“Yawn”: Lack of Sleep and the Benefit of a Power Nap

by Michael Haberman on March 10, 2008 · 0 comments


Like alot of other people in the United States, the Spring change to Daylight Saving Time made me groggier than usual. Plus an early wake up call today, the late onset of daylight and exercise all contributed to me feeling like a nap was necessary. A study just released by the National Sleep Foundation entitled Longer Work Days Leave Americans Nodding Off On the Job: Sleepy Americans Doze Off At Work, In the Car and On Their Spouses, showed that “Prolonged work days that often extend late into the night may cause Americans to fall asleep or feel sleepy at work, drive drowsy and lose interest in sex, according to a new Sleep in America poll released today by the National Sleep Foundation (NSF). Spending an average of nearly 4.5 hours each week doing additional work from home on top of a 9.5 hour average workday, Americans are working more and are trying to cope with the resulting daytime sleepiness. In fact, 63 percent state they are very likely to just accept their sleepiness and keep going, while 32 percent are very likely to use caffeinated beverages when they are sleepy during the day and more than half (54%) are at least somewhat likely to use their weekends to try to catch up on sleep.” (Click on the title to read the entire study.)

I know alot of people who fall into this catagory. And obviously Starbucks, Caribou and others all count on this in their strategic plans. The only good thing I can see in the statistics stated above is with people losing interest in sex maybe sexual harassment complaints will go down. (Said tongue-in-cheek.)

As a result of airplane travel I have become a big believer in the 20 minute power nap. (That is about the time you get to close your eyes between waiting for take off and the drink cart coming around.) Stress management expert Elizabeth Scott, states that “Studies show that 20 minutes of sleep in the afternoon provides more rest than 20 minutes more sleep in the morning (though the last two hours of morning sleep have special benefits of their own). The body seems to be designed for this, as most people’s bodies naturally become more tired in the afternoon, about 8 hours after we wake up.”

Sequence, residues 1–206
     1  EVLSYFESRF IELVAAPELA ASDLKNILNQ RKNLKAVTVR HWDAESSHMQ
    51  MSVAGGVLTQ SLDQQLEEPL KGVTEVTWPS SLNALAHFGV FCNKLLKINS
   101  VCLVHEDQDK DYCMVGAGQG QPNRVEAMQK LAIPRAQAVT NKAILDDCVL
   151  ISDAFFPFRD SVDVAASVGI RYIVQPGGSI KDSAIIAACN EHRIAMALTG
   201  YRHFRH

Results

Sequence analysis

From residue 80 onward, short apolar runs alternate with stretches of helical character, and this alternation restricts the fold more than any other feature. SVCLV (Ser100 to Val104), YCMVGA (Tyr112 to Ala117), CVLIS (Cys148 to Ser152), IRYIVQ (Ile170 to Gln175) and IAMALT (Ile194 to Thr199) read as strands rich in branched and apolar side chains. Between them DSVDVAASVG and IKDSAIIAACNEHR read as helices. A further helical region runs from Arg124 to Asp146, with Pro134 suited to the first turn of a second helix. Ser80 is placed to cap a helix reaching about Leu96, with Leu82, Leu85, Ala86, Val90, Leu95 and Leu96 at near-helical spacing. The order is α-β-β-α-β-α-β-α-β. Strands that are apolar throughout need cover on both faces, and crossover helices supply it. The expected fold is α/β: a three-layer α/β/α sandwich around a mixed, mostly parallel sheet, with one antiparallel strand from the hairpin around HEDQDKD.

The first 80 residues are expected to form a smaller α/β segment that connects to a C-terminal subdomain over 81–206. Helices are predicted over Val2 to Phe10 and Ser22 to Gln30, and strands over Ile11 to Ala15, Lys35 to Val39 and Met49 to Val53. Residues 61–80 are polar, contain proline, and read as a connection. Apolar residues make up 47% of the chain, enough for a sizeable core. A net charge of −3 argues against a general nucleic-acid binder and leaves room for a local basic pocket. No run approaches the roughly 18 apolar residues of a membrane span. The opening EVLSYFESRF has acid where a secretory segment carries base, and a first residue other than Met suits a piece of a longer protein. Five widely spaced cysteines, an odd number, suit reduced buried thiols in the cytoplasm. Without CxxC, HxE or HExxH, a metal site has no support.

Scott points out that there are major problems with sleep deficits, “…a ‘sleep deficit’, … impairs the following:

  • Reaction time
  • Judgment
  • Vision
  • Information processing
  • Short-term memory
  • Performance
  • Motivation
  • Vigilance
  • Patience

Fatigued people also experience more moodiness, aggressive behaviors, burnout and more stress.”

An issue of Men’s Journal stressed the benefits of the power nap and said that high performers such as Lance Armstrong and Around the World pilot Steve Fossett are regular power nappers. Not only does it make you more alert and productive but also “..Napping in general benefits heart functioning, hormonal maintenance, and cell repair…”

I have read of several companies that encourage naps. What a great employee relations and productivity tool.

So do yourself a favor and go take a nap. But don’t make it too long because then you will just be having to take more work home and staying up later. A “Catch-22” situation. (Some of you may have to Google that.)

Ok, time for my snooze….

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